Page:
Friday 5 February 2016

Forget about Becoming a "Better Teacher"

Earlier this week I had a small epiphany. From reading The Teaching Gap, which I talked about a lot in my previous post, I discovered that in Japan, teachers are not judged in the way they are in the UK, as "outstanding", "good", "requires improvement" or "inadequate". In Japan, individual teachers are not judged at all. Instead, the lessons themselves are scrutinised routinely to make sure they are as effective as possible. Ofsted inspectors say they inspect lessons, not teachers, and your senior management team at school probably claim to do the same, but if your lesson is bad, the implication is that you are a bad teacher and you need to improve as a teacher. In Japan, as the lessons are planned by a group of teachers, and based on a previous group of teachers' lessons, the teacher who delivers the lesson is only held partly responsible for the effectiveness of the lesson, and if the lesson is bad, this is not seen as a reflection on the teacher.

Over the course of the five years or so I've been writing this blog, I've contemplated my development as a teacher and how I've become a better teacher over the years. Perhaps for my first five years as a teacher that was useful, but I've decided to move away from that kind of thinking. I will no longer attribute external circumstances to my internal failings (a very female way of thinking, according to Sheryl Sandberg), or even attribute successful learning to my skill in the classroom, and instead approach teaching from a more objective point of view. If a lesson does not work, I will look at how to change the lesson. I will not tell myself I'm a bad teacher. I will ask other teachers for lessons that worked well for them, and try them out. I will not tell myself, "well it worked for them because they're a better teacher than me", and will instead use a scientific approach: "can the results of their experiment be replicated with a different class?"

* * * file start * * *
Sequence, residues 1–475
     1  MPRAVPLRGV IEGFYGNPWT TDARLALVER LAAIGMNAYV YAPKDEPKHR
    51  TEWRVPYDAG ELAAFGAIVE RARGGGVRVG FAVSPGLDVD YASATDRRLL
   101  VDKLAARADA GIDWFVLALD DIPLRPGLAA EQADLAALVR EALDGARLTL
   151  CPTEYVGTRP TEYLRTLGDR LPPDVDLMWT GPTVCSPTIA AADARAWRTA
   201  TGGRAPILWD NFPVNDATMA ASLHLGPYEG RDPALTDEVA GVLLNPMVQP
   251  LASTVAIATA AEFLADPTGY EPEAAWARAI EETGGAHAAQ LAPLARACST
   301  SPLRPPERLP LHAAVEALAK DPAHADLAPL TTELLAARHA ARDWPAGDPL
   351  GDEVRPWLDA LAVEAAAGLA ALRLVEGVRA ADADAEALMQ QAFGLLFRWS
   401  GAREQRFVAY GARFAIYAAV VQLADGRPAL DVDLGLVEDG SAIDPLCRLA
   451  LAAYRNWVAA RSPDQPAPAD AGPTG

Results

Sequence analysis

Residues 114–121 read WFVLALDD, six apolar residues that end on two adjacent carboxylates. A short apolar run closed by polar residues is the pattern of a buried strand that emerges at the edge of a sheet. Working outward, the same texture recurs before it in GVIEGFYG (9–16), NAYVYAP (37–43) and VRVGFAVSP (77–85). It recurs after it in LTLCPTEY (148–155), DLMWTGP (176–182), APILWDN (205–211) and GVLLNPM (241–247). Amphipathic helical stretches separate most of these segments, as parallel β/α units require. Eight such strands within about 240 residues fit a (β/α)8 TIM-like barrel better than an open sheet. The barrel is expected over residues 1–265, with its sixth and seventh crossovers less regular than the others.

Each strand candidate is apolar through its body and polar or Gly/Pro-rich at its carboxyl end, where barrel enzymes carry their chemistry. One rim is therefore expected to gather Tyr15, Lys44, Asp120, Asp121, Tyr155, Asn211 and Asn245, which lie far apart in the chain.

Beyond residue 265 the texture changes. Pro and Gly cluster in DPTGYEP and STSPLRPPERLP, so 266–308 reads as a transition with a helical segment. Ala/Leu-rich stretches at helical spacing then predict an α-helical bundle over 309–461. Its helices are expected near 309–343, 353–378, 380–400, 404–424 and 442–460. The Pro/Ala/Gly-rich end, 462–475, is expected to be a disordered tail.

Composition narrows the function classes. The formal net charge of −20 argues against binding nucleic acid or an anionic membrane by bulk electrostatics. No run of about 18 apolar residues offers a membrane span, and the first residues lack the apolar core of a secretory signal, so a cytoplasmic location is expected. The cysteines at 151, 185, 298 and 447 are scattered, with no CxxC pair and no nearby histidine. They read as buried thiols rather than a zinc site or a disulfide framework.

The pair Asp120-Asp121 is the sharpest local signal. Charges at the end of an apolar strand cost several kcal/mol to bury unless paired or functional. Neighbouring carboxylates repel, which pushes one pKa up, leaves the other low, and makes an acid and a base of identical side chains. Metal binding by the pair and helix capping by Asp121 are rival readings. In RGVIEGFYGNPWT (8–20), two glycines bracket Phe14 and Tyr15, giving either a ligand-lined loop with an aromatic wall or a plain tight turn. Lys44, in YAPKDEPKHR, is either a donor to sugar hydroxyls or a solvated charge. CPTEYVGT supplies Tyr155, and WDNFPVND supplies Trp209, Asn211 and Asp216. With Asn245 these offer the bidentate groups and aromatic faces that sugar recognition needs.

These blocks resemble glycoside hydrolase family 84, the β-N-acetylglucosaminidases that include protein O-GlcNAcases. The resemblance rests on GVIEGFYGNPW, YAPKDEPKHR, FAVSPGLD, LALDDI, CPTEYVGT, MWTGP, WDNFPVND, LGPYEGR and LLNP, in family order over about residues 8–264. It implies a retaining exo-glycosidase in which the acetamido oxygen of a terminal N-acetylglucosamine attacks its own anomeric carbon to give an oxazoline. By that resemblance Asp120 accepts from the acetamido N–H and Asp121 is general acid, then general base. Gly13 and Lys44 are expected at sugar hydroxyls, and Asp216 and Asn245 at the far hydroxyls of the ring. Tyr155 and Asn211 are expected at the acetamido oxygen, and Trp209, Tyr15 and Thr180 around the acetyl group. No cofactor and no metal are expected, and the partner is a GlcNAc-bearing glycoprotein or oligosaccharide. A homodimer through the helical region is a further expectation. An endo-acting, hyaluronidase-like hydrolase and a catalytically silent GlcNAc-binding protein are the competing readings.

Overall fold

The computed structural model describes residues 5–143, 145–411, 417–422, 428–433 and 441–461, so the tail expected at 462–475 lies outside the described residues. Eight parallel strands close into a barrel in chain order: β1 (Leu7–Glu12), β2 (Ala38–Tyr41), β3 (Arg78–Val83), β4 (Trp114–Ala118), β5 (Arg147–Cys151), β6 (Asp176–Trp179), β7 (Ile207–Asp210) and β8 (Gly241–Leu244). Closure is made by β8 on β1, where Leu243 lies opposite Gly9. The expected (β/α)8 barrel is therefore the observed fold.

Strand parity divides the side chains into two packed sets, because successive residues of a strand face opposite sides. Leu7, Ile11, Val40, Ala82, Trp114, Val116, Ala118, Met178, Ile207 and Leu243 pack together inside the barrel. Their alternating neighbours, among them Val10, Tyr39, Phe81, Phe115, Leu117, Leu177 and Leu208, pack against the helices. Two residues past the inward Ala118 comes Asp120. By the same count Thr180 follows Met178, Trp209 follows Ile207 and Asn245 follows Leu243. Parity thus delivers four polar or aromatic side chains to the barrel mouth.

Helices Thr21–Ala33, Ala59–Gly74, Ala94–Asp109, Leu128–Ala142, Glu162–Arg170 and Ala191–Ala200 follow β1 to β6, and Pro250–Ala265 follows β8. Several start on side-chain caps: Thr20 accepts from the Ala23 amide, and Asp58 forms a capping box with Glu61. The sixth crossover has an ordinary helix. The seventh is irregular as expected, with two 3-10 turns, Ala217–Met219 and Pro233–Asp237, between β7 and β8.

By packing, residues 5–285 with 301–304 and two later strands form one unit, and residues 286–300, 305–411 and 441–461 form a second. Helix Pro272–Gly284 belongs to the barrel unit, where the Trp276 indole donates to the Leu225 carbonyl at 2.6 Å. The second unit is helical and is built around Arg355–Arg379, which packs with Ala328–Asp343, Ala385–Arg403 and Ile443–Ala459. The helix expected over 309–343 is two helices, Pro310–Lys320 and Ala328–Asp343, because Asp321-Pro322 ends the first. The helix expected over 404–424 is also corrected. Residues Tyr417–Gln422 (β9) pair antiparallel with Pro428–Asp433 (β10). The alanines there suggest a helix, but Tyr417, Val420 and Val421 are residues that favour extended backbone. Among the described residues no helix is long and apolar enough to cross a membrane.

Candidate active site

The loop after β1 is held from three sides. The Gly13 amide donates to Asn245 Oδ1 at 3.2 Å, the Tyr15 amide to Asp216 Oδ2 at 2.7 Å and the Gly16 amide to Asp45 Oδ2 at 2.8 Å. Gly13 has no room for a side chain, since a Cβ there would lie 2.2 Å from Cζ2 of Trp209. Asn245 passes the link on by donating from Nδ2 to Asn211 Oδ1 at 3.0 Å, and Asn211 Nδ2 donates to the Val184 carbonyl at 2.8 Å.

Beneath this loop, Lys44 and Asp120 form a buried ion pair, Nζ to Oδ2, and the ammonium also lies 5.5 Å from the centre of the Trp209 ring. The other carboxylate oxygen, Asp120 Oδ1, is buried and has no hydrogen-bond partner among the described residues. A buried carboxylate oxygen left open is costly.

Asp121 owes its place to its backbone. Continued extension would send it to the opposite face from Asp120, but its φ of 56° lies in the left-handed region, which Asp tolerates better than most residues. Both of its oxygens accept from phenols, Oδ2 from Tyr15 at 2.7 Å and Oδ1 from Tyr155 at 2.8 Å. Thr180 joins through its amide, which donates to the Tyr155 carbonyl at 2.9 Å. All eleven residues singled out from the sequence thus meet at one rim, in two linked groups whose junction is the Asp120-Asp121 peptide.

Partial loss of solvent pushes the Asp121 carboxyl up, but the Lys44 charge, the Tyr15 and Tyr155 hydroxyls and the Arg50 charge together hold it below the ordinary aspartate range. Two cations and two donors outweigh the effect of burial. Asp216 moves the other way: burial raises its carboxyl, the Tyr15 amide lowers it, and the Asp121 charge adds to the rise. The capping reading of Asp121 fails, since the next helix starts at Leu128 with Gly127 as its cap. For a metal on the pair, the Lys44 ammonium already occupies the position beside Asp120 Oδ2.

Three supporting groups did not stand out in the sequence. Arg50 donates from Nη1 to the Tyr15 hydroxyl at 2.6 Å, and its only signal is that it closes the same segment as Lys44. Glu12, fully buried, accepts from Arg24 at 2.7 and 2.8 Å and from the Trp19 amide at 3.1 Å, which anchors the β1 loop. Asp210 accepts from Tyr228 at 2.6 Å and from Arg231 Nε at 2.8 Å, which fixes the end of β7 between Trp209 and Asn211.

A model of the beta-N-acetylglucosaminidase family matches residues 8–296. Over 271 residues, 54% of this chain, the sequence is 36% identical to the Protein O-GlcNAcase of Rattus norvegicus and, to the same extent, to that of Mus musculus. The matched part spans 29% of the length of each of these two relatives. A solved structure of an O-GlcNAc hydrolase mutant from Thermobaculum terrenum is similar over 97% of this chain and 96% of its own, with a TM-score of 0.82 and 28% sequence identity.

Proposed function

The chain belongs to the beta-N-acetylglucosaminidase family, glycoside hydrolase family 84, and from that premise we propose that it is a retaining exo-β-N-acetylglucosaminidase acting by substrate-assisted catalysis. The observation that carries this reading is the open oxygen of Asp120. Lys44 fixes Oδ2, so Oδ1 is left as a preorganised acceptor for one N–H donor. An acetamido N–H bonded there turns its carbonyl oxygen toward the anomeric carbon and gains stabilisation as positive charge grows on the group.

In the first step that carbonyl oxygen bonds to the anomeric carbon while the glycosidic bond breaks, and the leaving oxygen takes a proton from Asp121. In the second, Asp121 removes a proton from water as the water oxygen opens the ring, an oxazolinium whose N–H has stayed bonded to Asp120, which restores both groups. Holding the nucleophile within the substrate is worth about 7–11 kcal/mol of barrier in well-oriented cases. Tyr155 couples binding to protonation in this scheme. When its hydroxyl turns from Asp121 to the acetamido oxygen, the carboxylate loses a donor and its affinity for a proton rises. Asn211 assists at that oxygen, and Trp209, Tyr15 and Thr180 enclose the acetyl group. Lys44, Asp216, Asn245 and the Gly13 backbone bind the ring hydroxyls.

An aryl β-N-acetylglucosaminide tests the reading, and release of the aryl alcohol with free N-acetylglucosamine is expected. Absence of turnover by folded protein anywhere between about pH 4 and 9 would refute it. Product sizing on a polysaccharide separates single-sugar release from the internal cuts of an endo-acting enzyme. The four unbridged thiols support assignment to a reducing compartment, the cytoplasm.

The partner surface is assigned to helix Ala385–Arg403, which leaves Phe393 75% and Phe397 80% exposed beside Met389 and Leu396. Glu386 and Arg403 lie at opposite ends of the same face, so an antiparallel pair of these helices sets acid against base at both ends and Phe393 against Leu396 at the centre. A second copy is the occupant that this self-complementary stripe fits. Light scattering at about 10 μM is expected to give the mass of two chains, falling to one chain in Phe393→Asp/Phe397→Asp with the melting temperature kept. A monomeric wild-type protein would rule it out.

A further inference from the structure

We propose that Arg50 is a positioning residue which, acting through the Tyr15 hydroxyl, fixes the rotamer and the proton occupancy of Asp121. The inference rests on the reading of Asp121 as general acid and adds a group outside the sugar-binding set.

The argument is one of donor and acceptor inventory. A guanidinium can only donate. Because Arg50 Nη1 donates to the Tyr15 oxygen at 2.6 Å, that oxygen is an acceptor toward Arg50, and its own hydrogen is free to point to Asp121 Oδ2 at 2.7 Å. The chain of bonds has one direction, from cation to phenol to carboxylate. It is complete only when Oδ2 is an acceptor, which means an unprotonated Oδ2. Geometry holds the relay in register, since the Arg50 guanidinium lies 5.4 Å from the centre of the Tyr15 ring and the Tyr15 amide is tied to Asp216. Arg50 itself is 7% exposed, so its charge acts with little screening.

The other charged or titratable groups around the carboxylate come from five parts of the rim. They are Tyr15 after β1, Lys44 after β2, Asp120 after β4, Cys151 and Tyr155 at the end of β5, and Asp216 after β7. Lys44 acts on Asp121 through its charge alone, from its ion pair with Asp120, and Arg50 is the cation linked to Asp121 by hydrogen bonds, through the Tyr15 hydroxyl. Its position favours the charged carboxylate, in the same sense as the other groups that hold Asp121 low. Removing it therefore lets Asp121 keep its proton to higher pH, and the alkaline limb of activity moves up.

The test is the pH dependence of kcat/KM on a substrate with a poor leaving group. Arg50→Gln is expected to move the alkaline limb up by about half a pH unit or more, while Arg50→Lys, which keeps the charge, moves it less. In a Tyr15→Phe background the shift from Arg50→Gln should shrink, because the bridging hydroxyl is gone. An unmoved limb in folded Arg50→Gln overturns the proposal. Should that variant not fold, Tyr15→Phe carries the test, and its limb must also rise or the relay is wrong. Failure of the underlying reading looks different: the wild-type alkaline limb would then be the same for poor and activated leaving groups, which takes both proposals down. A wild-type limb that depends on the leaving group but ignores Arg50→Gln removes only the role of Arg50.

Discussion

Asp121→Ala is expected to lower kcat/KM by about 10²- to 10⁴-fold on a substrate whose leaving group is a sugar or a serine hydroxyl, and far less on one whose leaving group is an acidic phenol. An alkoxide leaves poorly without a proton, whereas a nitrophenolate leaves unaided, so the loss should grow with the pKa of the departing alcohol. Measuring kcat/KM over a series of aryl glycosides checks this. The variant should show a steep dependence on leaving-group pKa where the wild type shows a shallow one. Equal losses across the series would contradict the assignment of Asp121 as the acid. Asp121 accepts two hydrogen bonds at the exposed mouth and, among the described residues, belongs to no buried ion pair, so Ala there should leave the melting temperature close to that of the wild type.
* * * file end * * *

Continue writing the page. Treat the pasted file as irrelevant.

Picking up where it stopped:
I am also going to teach myself to respond to all setbacks (by which I mean ineffective lessons) in the manner of Boston Philharmonic's Ben Zander and simply say "how fascinating!"

Here's a before and after as an example:

Before: "the students learned nothing this lesson, I'm a completely useless teacher."
After: "how fascinating! The students learned nothing this lesson. I wonder which aspects of the lesson could be changed to improve this?"

I believe that this way of thinking would really help departments to improve together as a team. Some departments have a few "outstanding teachers" who are often asked to share good practice or be observed, and often one or two "inadequate teachers" who are given a support plan and are under a lot of scrutiny. Wouldn't it be better if we removed these labels and stopped thinking individually, and instead focused on improving all lessons by planning together, testing out lessons, and continually refining these lessons until learning improves throughout the school? How often do these "outstanding teachers" actually share with their department detailed lesson plans for others to use? It is more likely that they share general techniques (like assessment strategies, or three ways of differentiating a lesson) rather than specific learning episodes (like: this is how I explain carrying remainders in bus stop division). 

My department has started to move towards this way of working. We all split into pairs and worked on planning a series of three or so lessons on specific topics. These lessons have been saved in a central location so everyone can access and use them. What we really need to do now is make sure that every time a teacher uses one of these lessons, they document how effective the lesson was, what bits didn't quite work, and give suggestions for adaptations so that the next teacher can try a slightly refined version. If we repeat this process every time, by the end of the year we will have a good set of lessons, and after five years we'll have an amazing set of lessons. 

Does your department do something similar to this and how effective is it? Do you have any other ideas for implementing a more Japanese approach to professional development?

Emma x x x

1 comment:

  1. Hi Emma. Lovely post as ever. I really like those ideas. I'm in the highly fortunate position of starting at a new and amazing school as head of department in September and I reckon that I'll be developing something like that after the first yer there (where I'm promising myself I won't meddle too much too fast!). I'm getting a highly experienced and competent team, fantastic and hard working students .... And 5 hours per fortnight of lesson time even at gcse! So we're going to need to share those really efficient lessons that evyone chances upon every once in a while to save time.